Ericsson, leading provider of communications technology and services, has joined forces with Royal Philips, the global leader in lighting, to launch a new connected LED street lighting model. Ericsson says the partnership will solve two major issues that cities are facing today: improving network performance in dense urban areas while providing high-quality, energy-efficient public lighting.
Philips and Ericsson combine the benefits of mobile connectivity and LED lighting in a ''lighting-as-a-service'' model for cities. It allows city authorities to offer space within their connected lightpoles to network service providers for mobile broadband infrastructure.
Through the Zero Site initiative, unveiled at Mobile World Congress 2014 in Barcelona, Philips will now offer cities LED street lighting that can include mobile telecoms equipment from Ericsson; mobile operators working with Ericsson for broadband infrastructure will be able to rent space inside the poles. This will enable mobile network operators to improve data coverage and capacity for citizens, resulting in enhanced mobile broadband services. The model also accelerates the payback time for city infrastructure, by reducing the up-front costs of installing and managing these systems, thereby reducing the strain on city budgets.
"This is a tremendous solution using ICT and partnerships to address the megatrend of urbanization," said Ericsson president and CEO Hans Vestberg. "City populations are increasing at the rate of 7,500 people per hour, but our world is not geographically expanding. Meanwhile, our ConsumerLab research shows that Internet connectivity is one of the top five factors for satisfaction in city life. This Zero Site solution is the kind of innovation that offers a way for people to succeed in the Networked Society."
Philips’ LED street lighting can generate energy savings of 50 to 70 percent, with savings reaching 80 percent when coupled with smart controls, according to a study conducted by The Climate Group in 12 of the world's largest cities. The study also showed that citizens prefer the white light of LED lighting, citing a greater sense of safety and improved visibility compared to the orange glow of traditional high-pressure sodium systems.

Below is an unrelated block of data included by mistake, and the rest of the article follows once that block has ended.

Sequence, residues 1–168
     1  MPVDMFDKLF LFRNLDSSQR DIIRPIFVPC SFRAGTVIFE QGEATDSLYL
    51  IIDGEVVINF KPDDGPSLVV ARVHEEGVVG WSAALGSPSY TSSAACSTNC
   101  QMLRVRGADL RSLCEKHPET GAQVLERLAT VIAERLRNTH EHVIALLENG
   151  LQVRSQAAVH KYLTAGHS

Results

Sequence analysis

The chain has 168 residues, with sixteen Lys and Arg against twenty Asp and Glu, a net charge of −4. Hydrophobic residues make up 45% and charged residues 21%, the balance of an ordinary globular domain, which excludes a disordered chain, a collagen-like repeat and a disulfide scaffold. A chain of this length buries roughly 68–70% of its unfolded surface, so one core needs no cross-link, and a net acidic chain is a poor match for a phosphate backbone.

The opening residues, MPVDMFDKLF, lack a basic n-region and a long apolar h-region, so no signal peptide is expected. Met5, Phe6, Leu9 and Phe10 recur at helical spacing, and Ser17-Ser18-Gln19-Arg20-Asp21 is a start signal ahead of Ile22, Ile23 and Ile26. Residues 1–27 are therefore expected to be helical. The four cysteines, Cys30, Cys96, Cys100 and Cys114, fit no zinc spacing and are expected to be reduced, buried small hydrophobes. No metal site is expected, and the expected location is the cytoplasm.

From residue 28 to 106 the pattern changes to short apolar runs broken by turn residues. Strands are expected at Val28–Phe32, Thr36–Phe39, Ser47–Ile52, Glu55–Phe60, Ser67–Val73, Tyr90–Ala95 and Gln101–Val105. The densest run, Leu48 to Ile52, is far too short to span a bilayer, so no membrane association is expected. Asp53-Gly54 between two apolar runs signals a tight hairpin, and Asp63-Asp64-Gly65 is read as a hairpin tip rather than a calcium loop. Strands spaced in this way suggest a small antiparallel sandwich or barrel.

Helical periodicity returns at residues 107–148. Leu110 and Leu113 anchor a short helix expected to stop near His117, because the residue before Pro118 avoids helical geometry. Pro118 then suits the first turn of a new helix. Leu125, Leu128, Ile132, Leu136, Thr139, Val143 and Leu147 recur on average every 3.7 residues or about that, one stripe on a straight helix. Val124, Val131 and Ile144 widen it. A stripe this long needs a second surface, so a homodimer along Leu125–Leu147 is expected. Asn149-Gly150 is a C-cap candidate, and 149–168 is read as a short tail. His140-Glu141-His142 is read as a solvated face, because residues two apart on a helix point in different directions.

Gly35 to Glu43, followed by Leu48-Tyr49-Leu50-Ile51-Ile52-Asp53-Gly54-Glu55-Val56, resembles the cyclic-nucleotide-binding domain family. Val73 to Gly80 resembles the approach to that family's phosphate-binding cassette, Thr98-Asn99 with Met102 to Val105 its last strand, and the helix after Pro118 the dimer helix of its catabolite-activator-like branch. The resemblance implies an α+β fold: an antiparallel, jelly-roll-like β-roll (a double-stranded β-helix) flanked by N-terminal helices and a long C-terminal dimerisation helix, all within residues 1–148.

Frans van Houten, president and CEO of Philips, says: "This new connected LED street lighting model is another example of us bringing the Internet of Things to life and demonstrates the capabilities of light beyond illumination. We are offering lighting as a service that scales with a city's needs and enables city officials to offer their citizens a more connected, energy efficient and safer urban environment, while preserving existing budgets and resources to improve the livability of their city."
To meet the demand for coverage and capacity, mobile operators need to improve, densify and add many more radio cell sites in dense areas. The new connected street light pole, designed to house Ericsson's suite of small cell products, offers network operators new possibilities to find the right site location. It will also help to scale the deployment of mobile broadband technology beyond traditional sites — a key enabler for evolving heterogeneous networks.
At SB '13 last June, Philips Lighting's Natasha Davidson detailed the company's initiative to create "community light centers," which illuminate 1,000 square miles of parts of rural Africa without electricity via high-powered LED lamps powered by solar panels and batteries, providing evening lighting some 560 million African citizens who live in these off-grid areas.
Speaking of the Internet of Things — in January, German electronics giant Bosch announced it has expanded its offering beyond the design of home appliances to form a new company, Bosch Connected Devices and Solutions GmbH, for the Internet of Things and services. The company said it will supply compact electronic products and software expertise designed to make devices and objects intelligent and web-enabled across a broad range of applications. It will initially focus on sensor-based applications for intelligently networked homes, or “smart homes,” as well as for activities in the fields of traffic, transportation and logistics.